“Is my palm tree infested with red palm weevils?” When you find yourself asking this question, the answer is simple. To avoid losing your tree, the solution is endotherapy. Likewise, this is also the most effective preventive treatment. So, how do you detect this pest?
To find out whether a palm tree is suffering from a red palm weevil infestation, you’ll need to carry out a full visual inspection. These some of are the warning signs:
In these cases, it’s essential to have an expert analyse the plant to correctly assess the problem. It’s also very important to know in which areas of the tree red palm weevils are found. Larvae, which are what eat the trunk, position themselves in growth areas. In other words, they are found at the base of the leaves or in open or soft areas, though they also attack the basal and lateral areas of the trunk. From there, they penetrate to the inside and start to dig the tunnels that end up killing the tree.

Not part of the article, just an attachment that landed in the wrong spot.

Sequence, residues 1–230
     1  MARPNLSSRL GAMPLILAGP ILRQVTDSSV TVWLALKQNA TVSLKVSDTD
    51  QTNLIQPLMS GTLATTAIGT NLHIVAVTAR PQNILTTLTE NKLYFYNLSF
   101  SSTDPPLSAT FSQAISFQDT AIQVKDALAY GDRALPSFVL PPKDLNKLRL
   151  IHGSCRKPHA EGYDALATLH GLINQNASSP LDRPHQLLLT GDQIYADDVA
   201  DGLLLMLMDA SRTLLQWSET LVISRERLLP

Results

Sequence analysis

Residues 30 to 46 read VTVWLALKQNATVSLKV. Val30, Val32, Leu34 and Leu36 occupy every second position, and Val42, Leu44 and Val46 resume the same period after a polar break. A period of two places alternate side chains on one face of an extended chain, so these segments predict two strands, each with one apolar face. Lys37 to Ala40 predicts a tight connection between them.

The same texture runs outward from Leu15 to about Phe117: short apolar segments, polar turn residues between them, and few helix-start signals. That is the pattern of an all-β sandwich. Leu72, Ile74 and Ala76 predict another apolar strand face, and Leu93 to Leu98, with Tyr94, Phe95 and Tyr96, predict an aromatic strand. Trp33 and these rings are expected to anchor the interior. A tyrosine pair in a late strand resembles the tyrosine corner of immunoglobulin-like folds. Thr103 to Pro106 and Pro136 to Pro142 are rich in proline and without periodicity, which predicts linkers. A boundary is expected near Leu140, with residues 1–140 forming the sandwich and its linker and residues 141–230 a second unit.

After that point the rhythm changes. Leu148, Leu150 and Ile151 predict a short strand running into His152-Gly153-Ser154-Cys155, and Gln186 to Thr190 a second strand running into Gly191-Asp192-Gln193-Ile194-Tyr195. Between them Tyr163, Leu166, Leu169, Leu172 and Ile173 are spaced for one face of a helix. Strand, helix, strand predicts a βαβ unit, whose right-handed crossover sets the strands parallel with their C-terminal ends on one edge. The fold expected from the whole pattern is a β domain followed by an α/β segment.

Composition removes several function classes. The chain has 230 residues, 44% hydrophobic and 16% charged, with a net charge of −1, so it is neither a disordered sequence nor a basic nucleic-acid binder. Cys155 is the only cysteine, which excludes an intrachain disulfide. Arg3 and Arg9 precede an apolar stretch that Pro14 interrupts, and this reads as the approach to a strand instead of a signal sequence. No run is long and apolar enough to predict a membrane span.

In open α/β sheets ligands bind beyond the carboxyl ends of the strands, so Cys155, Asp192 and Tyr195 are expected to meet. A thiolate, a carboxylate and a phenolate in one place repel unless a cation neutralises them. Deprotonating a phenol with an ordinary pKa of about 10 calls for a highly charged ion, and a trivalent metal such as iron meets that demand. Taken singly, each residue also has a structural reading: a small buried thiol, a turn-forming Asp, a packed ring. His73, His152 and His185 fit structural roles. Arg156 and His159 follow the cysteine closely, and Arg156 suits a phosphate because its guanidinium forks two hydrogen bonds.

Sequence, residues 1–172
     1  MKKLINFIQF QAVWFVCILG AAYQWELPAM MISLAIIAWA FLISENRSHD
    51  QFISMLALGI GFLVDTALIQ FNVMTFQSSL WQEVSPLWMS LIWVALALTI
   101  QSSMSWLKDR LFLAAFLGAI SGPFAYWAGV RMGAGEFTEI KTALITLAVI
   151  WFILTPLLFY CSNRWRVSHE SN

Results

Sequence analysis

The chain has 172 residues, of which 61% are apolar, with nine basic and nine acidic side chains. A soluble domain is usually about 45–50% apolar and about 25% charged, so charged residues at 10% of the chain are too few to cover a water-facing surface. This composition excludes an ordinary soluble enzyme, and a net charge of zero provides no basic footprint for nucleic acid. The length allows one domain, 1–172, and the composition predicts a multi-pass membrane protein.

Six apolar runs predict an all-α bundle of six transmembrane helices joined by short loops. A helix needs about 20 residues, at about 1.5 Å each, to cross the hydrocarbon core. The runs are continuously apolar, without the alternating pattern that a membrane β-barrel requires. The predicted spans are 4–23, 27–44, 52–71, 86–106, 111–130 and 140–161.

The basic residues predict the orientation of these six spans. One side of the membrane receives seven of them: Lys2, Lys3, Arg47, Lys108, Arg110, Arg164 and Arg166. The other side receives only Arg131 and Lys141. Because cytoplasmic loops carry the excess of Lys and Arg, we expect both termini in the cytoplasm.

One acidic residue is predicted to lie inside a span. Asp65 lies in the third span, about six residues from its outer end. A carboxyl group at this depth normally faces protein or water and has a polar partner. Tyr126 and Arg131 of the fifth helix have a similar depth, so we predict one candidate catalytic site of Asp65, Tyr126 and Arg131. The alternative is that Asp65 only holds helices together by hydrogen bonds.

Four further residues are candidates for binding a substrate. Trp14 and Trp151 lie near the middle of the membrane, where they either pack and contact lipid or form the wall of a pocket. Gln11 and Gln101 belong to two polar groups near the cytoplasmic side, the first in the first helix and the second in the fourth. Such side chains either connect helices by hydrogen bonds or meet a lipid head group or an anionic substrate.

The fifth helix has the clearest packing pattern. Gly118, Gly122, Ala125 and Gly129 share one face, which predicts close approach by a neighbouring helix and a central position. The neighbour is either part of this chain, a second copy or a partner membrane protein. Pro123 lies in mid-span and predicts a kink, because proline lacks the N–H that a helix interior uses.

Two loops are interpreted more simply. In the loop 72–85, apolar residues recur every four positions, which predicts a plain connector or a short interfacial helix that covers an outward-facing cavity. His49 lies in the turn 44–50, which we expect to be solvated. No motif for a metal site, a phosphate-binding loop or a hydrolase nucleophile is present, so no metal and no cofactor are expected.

The red palm weevil reproduces rapidly. Its entire life cycle, from egg to death, is complete in just three or four months. As a result, there may be three or four different generations each year. The number of eggs laid by each female ranges between 300 and 400. This means that weevils at all stages of development can be found all year round. So, when you see eggs, you’re almost guaranteed to find larvae, pupae or cocoons and beetles too. At this speed of reproduction, once weevils appear in an area, they can very quickly colonise it.
First and foremost, there is no way to get rid of this beetle unless you take action with a specific treatment. Simply cutting back leaves, or even whole palm trees, won’t solve anything. Today, the most effective treatment is known as endotherapy. SOSPALM is applied as follows:
When signs of a red palm weevil infestation appear, it may already be too late to save the palm tree. For this reason, SOSPALM endotherapy treatments should also be applied preventively – though they are also effective on infested palm trees, as long as the larvae have not eaten the apical bud.